Todd's Take

US Grain Prices Encounter New Season of Risk

Todd Hultman
By  Todd Hultman , DTN Lead Analyst
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Unlike most years, corn and soybean prices have already had big price moves in 2022 and we can't rule out the possibility of more ahead. Producers may want to consider purchasing the two put options shown above as a way of enhancing price protection they probably already have from crop insurance. (DTN ProphetX chart by Todd Hultman)

As I sit down to type this column on Cinco de Mayo, I have to say, it doesn't feel like May. The skies are gray and the air is chilly. One-third of the corn crop is usually planted by now, but most the fields I pass in southeastern South Dakota are untouched. According to USDA, planting progress in Iowa and Illinois, the top corn and soybean growing states, is still in the single digits, far below their five-year averages of 42% and 43%, respectively, for this time of year.

April was extremely turbulent in the Western Corn Belt this year, blowing strong winds that wouldn't stop, sending blizzards across Montana and North Dakota, stirring up enough dust to bring back talk of the 1930s and fueling wildfires from Nebraska to New Mexico. Weather in the northern corn states remained too cold for planting and those states are still waiting for the temperatures to rise. Monday's report from USDA showed North Dakota and Minnesota haven't accomplished enough planting yet to register any progress.

Next week's forecast looks warmer with highs in the 80s from Nebraska to Ohio, even reaching southern Minnesota for at least a day. There are chances for rain in the northwestern Corn Belt next week, but for the most part, we should start to see more planters out soon.

Not only is this the time of year when temperatures start to rise, starting the traditional ritual of getting crops in the ground, this is also the time crop prices tend awaken from winter dormancy.

May is the traditional month when increased interest in new crops and rising temperatures tends to translate to more price movement among grains and oilseeds. Every year is different, but there is nothing like the prospects of a hot and dry forecast in early summer to spark excitement in corn and soybean prices, or timely rains to dowse those bullish hopes.

So far, 2022 has not fit the mold of a normal seasonal pattern. A rare drought in South America and Russia's assault on Ukraine robbed crop prices of any semblance of quiet trading over the winter. As of Thursday's close, May 5, July corn has already tacked on over $2.00, year-to-date. Over the same period, July soybeans are up $2.92. Price volatility can go either direction, but it seems a stretch the next four months could have more price movement than we've already seen.

As we've discussed before, this is not the year to rule out unlikely scenarios. On April 22, I discussed this year's bullish factors (see…). The one that continues to stand out as potentially most troubling is the unpredictability of Russia's President Vladimir Putin. Putin, either by himself or in conjunction with a possible U.S. drought, is one source of possible combustion for this summer's grain prices that could make the past four months look tame by comparison.

On the other hand, if crazy Vlad had a change of heart and backed off his deadly charade, markets could calm down dramatically.

So, what's a producer to do in this potentially volatile situation?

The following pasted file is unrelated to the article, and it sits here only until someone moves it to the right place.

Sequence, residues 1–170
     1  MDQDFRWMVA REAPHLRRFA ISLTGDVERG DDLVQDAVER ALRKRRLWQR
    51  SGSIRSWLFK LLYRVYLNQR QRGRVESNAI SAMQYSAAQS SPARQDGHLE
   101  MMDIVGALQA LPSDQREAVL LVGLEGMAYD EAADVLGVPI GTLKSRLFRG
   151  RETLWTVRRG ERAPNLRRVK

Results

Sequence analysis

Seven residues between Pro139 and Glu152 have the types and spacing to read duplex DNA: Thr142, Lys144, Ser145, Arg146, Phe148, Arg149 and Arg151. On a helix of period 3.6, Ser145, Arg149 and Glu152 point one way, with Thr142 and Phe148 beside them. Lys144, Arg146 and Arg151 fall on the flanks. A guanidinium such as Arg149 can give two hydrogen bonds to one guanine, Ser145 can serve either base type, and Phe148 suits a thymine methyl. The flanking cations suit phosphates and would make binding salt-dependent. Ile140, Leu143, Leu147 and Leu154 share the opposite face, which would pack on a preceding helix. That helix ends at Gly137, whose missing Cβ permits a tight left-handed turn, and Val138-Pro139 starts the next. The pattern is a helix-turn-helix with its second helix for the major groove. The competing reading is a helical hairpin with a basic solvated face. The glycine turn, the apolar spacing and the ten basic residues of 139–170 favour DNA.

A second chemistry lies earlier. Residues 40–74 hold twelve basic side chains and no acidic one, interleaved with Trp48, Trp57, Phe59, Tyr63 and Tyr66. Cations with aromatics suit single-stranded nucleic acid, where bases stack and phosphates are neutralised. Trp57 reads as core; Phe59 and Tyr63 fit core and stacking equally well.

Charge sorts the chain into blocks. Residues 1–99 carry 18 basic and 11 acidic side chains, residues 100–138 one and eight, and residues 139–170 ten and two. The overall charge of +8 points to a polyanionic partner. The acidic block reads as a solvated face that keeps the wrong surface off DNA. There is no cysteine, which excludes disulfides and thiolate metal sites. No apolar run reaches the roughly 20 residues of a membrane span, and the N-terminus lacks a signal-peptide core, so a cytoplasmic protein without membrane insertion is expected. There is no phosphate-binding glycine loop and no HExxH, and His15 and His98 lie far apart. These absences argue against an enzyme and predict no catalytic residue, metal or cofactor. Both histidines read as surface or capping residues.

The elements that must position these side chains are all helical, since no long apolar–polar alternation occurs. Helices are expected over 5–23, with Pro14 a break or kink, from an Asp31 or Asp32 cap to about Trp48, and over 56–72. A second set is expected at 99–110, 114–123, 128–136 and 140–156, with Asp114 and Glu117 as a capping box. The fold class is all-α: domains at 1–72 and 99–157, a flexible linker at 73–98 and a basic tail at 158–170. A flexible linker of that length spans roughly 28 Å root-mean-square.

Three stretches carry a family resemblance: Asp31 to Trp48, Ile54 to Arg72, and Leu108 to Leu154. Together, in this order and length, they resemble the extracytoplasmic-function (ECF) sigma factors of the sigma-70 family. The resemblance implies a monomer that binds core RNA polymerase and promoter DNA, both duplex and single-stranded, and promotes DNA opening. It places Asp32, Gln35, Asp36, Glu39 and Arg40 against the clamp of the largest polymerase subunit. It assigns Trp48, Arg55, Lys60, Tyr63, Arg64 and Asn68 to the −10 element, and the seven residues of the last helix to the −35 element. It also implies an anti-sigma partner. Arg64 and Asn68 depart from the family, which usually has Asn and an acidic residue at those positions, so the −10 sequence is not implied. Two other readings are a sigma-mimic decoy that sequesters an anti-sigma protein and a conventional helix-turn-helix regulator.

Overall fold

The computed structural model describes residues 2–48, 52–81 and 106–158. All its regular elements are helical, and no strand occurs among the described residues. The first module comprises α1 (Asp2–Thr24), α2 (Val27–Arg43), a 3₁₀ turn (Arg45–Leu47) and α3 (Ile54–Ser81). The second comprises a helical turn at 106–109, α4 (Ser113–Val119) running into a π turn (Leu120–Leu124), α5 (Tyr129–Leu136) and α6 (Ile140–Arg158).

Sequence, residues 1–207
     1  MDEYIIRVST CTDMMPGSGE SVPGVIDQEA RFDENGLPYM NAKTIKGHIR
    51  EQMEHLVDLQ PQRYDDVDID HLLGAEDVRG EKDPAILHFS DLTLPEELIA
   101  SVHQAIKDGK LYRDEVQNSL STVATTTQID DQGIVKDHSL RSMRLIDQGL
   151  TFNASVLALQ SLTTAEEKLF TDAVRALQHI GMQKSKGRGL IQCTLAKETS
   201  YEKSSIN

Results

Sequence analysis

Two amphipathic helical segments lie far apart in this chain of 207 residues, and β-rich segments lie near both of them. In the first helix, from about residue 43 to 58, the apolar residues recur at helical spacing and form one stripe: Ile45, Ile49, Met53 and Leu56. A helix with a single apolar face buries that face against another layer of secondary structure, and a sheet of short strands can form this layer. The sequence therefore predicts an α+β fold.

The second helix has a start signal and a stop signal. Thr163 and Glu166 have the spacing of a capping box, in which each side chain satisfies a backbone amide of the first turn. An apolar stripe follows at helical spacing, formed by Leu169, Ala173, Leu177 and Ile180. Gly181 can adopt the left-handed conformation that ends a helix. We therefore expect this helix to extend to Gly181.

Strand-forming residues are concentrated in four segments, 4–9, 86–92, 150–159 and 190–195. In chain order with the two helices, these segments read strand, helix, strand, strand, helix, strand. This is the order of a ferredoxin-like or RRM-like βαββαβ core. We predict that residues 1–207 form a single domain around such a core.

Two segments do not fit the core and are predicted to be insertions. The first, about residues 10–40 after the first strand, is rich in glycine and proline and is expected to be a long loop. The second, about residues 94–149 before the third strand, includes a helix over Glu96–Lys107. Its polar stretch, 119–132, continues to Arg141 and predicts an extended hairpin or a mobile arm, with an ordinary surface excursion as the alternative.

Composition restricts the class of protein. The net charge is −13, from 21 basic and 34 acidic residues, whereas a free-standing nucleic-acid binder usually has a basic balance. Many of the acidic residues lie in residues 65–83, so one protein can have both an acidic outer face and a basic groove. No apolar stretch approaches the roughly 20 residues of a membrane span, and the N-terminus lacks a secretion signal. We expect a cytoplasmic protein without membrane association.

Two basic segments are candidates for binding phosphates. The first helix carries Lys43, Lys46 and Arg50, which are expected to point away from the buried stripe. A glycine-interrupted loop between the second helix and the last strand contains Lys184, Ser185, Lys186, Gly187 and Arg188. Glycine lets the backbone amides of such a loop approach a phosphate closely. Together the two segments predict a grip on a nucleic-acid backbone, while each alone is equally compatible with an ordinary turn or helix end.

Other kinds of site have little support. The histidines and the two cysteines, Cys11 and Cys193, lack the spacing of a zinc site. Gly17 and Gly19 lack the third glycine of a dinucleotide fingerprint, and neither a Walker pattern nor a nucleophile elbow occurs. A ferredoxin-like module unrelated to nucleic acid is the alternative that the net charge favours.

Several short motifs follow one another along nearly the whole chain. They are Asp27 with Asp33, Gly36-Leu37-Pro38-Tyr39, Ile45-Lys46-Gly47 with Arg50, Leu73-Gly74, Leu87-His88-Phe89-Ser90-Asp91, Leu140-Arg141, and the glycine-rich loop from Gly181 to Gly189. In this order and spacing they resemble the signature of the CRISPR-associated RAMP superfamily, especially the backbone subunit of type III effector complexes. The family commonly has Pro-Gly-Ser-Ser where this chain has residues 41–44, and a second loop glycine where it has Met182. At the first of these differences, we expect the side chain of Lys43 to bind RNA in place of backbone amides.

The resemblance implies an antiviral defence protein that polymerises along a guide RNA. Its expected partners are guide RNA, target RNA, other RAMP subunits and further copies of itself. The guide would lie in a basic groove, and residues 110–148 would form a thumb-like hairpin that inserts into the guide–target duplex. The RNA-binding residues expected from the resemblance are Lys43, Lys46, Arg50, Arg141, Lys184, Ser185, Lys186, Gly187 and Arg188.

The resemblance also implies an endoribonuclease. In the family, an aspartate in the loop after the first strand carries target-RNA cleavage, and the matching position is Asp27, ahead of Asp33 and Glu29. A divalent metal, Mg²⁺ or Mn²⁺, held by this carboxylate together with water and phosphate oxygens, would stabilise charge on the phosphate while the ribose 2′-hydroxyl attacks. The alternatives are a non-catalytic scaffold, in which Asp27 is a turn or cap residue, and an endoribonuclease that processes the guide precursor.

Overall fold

First of all, this is not the year to be short in the futures market unless you have solid commitment from your banker and call options to cap possible margin calls.

Tread lightly on making any new-crop cash sales commitments. Personally, I would not take the bait of making sales beyond 2022. Elaine Kub had a good discussion about those choices here….

Be familiar with your crop insurance protection and study the options choices for December corn and November soybeans. Consider having limit orders in the market to raise your level of price protection.

For example, 85% protection on this year's crop insurance provides price protection of roughly $5.00 per bushel for corn and a little more than $12.00 for soybeans, assuming average yields.

On May 5, December 2022 corn closed at $7.38 1/2 and a December $6.00 corn put traded between 11 3/4 cents and 12 3/8 cents. November 2022 soybeans ended at $14.91 3/4 and a November $13.00 put traded between roughly 16 and 18 cents. Purchasing either or both options at a price of your choosing would enhance the price protection you have for your crops above the levels you probably already have with crop insurance. The puts would also allow you the flexibility of being able to sell the positions whenever you want, as long as you do so before expiration.

I will also point out there is a good chance the put options mentioned will expire worthless, and if you don't suffer adverse weather, your crop insurance may not pay off either.

At this point, I don't necessarily believe crop prices will fall dramatically in 2022, but the decision is not about predicting the markets. It is about trying to protect your farm finances in a highly uncertain and potentially volatile year.

For 33 years, I've owned homeowners insurance and, except for one roof replacement, I don't recall ever having received a check back. I don't regret the premiums lost and consider myself happily lucky to have never lost a home to tornado or fire. To me, the decision to consider the put option choices above are no different.

Best wishes as we begin what is often a volatile season for grain prices.


Comments above are for educational purposes only and are not meant as specific trade recommendations. The buying and selling of grain or grain futures or options involve substantial risk and are not suitable for everyone.

Todd Hultman can be reached at

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Todd Hultman